I ask myself: why did my Aunt Meg, an openhearted, gregarious woman, who set me on the path of family history, and recorded so much of it, not tell me about my Aboriginal connections?
One of the things I love about old letters is the language that plants them in the past. Things like "the blinking b battery", "thingamajig", "going goodo", "oh gee", "a fair cow", "cheerio", "the old mob".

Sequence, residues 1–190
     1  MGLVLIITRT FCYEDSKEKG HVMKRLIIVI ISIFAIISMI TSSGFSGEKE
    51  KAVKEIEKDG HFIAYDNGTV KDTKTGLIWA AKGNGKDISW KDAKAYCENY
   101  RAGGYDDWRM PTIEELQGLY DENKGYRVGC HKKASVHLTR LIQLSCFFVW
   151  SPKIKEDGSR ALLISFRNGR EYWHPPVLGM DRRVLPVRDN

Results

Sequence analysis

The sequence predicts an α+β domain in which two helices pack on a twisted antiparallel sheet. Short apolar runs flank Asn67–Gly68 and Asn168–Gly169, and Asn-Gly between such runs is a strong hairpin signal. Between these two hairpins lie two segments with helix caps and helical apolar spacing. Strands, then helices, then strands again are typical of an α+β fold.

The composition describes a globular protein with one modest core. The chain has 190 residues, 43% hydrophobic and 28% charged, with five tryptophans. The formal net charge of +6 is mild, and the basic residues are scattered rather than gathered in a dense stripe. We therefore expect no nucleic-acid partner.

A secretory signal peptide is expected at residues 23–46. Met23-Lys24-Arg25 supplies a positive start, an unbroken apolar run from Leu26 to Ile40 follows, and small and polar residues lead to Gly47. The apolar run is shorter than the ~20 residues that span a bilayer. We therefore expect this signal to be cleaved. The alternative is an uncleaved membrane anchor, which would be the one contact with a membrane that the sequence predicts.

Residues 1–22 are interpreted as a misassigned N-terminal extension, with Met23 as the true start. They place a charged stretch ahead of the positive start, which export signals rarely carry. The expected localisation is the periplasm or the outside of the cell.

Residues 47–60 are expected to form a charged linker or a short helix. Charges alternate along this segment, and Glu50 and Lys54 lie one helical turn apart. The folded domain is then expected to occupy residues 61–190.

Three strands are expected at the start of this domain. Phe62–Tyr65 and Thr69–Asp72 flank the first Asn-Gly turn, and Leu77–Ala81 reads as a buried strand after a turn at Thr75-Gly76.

It was a familiar scene: a rough dirt road, dry creek bed, scrubby bushland. I saw no evidence of cultivation or construction, just shadows, silence, rustlings. But overwhelmingly I felt a sense of connection. I belonged there. I had sprung from this spot.
This is the story of a gutsy, red-headed, seventeen-year-old, Sarah Bellamy
In 1934 Lue had a pub, school, railway station, baker, butcher, one church, another store and fewer than twenty scattered houses.